Western Australia facts
The state of Western Australia, is Australia’s face on the Indian Ocean. Its capital Perth is closer to Singapore and Jakarta than it is to Canberra. The majority of people live in and around Perth.
Western Australia is the largest Australian State. With an area of more than 2 500 000 sq km, a 12 500 km coastline and spanning 2 400km from north to south, it occupies a third of the continent.
Only the narrow Timor Sea separates its northern coastline from equatorial islands of the Indonesian Archipelago and to the south is the Southern Ocean and Antarctica.
From its tropical north, to temperate areas in its south-west corner, Western Australia experiences a variety of climatic conditions.
With distance from the coast, rainfall decreases and temperature variations are more pronounced.
Perth averages eight hours sunshine per day and 118 clear days per year. Mean monthly maximum temperatures range from 17ºC in July to 30ºC in February. Even in the coldest months, minimum temperatures rarely fall below 5ºC. Most of its 802mm annual rainfall occurs in the winter months.
Agriculture is Western Australia’s second major export industry. The State’s vast area provides soils and climates suited to a variety of agricultural production from open range grazing and broad acre cereal cropping to irrigated pastures and horticulture, orchards and vineyards.
Wheat, wool, beef and lamb are its main products. Tropical and temperate horticultural products and stockfeed are also important.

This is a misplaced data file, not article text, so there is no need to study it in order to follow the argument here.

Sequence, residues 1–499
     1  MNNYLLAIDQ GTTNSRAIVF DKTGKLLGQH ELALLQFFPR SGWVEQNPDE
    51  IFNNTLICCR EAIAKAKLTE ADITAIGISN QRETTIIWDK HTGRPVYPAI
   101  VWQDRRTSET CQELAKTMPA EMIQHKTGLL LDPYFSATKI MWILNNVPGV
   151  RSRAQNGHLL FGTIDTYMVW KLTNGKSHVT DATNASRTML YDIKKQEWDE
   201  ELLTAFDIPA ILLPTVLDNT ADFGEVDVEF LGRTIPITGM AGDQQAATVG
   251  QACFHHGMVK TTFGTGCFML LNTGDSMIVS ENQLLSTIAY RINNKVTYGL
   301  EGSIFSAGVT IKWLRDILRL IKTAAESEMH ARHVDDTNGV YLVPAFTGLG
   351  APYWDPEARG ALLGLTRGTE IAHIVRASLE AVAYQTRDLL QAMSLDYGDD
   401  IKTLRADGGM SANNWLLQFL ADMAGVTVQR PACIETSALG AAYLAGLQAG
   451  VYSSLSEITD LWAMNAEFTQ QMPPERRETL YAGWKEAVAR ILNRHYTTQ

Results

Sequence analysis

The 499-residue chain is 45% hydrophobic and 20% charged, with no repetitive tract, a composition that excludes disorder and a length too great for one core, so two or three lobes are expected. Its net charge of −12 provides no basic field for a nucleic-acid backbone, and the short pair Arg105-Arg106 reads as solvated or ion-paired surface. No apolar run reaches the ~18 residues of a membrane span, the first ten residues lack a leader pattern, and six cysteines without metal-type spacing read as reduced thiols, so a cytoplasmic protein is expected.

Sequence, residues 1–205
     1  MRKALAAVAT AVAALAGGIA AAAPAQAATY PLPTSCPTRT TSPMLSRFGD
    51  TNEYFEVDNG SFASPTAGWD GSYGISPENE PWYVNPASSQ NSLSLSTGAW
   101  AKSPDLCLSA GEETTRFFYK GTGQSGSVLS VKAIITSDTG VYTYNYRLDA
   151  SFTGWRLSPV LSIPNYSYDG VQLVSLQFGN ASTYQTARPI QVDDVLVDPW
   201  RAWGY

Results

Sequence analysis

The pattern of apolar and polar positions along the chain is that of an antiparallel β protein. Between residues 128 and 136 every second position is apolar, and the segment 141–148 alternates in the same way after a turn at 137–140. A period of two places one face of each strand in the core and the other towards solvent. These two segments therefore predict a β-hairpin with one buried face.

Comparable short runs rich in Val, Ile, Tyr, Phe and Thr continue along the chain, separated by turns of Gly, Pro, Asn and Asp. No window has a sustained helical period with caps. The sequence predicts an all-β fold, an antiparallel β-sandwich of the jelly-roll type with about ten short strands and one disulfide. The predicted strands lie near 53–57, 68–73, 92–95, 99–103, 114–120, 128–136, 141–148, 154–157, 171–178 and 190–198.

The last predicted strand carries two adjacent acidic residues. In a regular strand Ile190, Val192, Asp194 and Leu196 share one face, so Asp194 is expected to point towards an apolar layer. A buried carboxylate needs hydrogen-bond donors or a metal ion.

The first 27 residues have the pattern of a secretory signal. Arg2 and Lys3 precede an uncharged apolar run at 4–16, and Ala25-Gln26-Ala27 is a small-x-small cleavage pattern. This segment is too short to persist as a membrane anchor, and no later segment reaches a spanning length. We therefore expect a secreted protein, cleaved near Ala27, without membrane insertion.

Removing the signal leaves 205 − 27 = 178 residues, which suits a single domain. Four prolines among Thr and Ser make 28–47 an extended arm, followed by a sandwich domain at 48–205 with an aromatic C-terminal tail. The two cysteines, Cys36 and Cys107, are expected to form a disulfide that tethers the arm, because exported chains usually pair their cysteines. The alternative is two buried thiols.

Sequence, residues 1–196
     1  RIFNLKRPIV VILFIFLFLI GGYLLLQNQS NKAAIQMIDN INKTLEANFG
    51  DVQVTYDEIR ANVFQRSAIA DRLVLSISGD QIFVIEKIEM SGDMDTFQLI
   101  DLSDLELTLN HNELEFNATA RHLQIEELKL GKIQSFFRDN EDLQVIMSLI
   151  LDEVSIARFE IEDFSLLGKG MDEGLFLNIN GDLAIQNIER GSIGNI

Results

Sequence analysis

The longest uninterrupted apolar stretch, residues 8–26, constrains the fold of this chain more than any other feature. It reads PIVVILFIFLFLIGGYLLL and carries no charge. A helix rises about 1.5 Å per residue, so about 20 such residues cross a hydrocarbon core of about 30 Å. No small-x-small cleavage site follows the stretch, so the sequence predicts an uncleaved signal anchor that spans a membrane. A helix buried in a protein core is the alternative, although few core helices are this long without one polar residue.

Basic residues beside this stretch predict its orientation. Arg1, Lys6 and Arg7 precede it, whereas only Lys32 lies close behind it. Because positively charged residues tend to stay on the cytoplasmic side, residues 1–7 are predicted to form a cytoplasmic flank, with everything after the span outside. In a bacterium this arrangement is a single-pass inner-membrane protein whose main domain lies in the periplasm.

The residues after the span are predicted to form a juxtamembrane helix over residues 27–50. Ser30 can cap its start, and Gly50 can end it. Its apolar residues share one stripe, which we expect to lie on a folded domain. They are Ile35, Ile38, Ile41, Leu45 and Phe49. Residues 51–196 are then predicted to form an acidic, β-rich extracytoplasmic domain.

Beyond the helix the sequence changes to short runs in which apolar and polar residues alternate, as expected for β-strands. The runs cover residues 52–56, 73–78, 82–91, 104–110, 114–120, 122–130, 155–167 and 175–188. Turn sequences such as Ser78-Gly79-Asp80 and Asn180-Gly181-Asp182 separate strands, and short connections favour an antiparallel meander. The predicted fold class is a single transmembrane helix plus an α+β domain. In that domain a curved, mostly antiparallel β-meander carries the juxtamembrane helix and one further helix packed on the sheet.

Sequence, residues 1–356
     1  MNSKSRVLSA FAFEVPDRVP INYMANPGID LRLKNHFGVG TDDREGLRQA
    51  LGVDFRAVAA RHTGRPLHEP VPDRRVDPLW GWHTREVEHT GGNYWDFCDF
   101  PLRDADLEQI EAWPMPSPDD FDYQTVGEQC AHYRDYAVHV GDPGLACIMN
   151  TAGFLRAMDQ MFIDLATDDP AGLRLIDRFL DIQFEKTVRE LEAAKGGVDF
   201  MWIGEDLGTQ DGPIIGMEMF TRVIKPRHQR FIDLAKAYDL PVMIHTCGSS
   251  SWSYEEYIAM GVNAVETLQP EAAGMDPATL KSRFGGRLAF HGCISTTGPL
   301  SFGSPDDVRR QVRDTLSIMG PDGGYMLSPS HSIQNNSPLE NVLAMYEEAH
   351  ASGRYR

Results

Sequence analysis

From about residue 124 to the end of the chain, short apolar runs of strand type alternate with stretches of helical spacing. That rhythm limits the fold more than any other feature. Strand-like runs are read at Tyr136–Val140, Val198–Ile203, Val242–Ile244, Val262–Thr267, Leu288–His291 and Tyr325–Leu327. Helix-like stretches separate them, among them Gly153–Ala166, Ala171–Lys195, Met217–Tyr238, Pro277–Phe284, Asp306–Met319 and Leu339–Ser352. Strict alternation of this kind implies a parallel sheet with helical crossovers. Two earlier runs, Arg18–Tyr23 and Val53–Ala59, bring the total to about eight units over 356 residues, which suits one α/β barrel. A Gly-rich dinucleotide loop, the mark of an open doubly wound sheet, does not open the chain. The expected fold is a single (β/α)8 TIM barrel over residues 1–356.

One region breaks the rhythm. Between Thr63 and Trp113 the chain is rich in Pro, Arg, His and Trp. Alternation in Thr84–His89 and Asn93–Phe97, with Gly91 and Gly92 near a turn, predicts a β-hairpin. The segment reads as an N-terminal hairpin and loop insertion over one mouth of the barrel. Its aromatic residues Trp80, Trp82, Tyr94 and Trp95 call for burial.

Farmers and investors are identifying new specialised markets in Asia and taking advantage of seasonal differences with the northern hemisphere.
A diverse and efficient agriculture sector provides the raw material for a rapidly growing range of processed exports. These include wine, ice cream, barley malt, noodles and fine leather.
Western Australia’s fisheries are major world suppliers of lobsters, prawns and pearls. A steadily growing aquaculture industry is successfully providing high value products to specialist markets.
A well-managed forestry industry produces hardwood and softwood timbers and woodchips from natural forests and plantations. Sufficient sustainable resources have been identified to support a paper pulp mill.
Mineral and energy resources
Extensive natural gas reserves ensure Western Australia will be an important source of energy well into the next century. The State supplies liquefied natural gas (LNG) to Japan, and is developing markets in Taiwan and Korea.
With more than 270 operating mines, Western Australia is a leading supplier of many commodities including alumina, diamonds, iron ore and mineral sands, – monazite; ilmenite; rutile/synruite and zircon.
The State also produces 70 per cent of Australia’s gold and significant exports of salt, nickel, tantalum and numerous other metals.
New projects established in recent years include a silicon smelter, titanium dioxide plants and a fused alumina plant. The State is poised to supply an important share of the world market for new materials such as rare earth chemicals, fused alumina, zirconium compounds and specialty alloys.